Brexit has caused quite the headache already, but there will be another item to add to Brit’s lists of Brexit-related annoyances from 2022.

From the end of next year, Brits between the ages of 18 and 70 and will have to pay €7 (£5.90) and receive travel authorisation before visiting Schengen countries.

Approved in 2018, the European Travel Information and Authorisation System (Etias) was created to identify security, irregular migration or high epidemic risks posed by visa-exempt visitors, and to streamline checks at the borders.

Speaking to City AM, a spokesperson from the European Commission confirmed that the UK will be part of ETIAS from late 2022.

The newspaper adds that British passport holders will be able to stay in Europe for 90 days after their application is approved.

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According to the EU Commission’s website, most applications will be approved within minutes but if “further checks” are needed on a passenger, it could take up to 30 days to get the green light to jet off.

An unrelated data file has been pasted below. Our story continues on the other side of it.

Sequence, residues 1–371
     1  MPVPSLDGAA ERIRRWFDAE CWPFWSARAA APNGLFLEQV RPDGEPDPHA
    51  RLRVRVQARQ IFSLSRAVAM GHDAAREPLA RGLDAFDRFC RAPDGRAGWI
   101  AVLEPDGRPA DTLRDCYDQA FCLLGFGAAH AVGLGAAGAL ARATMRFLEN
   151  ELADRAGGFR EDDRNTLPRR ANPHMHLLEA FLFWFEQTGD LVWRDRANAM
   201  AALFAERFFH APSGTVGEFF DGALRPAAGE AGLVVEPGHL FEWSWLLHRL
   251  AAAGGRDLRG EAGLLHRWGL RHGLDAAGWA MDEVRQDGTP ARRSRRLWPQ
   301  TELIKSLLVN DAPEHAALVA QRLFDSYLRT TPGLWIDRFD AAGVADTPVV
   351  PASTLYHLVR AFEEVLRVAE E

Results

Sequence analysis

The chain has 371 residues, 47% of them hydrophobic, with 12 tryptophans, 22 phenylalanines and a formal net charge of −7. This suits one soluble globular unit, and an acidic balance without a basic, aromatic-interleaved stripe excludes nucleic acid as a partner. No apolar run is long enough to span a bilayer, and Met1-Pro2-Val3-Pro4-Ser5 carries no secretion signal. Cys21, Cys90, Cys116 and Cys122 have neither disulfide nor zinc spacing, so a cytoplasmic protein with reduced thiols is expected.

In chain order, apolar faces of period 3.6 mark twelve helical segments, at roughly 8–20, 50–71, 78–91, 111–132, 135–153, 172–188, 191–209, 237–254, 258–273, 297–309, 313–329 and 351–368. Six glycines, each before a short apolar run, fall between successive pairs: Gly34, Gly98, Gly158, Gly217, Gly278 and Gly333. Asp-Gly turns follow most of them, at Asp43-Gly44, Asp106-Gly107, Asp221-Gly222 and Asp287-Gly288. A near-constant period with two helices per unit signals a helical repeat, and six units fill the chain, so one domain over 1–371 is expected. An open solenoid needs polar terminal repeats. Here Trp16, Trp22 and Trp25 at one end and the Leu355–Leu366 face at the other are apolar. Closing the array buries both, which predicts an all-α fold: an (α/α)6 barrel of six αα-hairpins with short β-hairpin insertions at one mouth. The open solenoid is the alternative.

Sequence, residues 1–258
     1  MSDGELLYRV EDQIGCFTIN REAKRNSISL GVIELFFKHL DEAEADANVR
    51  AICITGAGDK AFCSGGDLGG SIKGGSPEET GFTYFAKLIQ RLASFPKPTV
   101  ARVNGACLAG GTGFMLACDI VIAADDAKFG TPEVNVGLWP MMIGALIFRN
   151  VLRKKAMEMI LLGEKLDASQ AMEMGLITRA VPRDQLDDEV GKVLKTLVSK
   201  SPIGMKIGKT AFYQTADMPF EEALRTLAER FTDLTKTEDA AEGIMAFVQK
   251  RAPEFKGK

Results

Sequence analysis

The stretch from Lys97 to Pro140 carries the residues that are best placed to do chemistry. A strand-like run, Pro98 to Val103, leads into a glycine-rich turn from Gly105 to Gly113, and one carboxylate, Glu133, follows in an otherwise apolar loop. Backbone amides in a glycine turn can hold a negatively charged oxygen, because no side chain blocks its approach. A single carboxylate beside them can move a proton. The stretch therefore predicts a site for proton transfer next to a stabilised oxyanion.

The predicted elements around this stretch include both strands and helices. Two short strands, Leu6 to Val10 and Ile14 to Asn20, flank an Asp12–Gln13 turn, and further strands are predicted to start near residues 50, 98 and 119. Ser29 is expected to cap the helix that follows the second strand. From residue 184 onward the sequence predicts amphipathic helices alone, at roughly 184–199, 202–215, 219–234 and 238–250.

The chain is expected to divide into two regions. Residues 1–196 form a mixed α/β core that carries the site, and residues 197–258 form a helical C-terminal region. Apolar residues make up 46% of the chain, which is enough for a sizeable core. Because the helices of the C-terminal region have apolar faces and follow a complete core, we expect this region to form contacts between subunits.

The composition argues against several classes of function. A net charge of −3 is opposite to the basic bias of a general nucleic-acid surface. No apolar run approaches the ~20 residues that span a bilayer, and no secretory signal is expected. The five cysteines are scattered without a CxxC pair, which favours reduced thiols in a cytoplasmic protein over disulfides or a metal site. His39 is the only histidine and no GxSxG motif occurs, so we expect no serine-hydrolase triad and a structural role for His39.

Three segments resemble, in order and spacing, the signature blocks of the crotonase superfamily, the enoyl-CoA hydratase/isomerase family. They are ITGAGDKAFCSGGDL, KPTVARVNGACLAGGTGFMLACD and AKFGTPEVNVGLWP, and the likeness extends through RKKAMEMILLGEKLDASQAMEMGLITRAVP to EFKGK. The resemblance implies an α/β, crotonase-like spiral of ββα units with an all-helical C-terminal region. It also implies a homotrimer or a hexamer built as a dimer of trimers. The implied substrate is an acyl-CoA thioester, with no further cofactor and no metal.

The Etias isn’t officially a visa, rather it’s “a pre-travel authorisation system for visa-exempt travellers”. The Independent’s travel correspondent Simon Calder last year wrote that it’s a similar concept to the US Esta and Canadian eTA.

The Schengen area includes most EU countries such as France, Germany and Spain. EU countries that are not part of the Schengen areas include Bulgaria, Croatia, Cyprus, Ireland and Romania - but Bulgaria, Croatia and Romania are in the process of joining the border-free area. Non-EU states that are part of the Schengen area include Iceland, Norway, Switzerland and Liechtenstein.

More admin. Wonderful.

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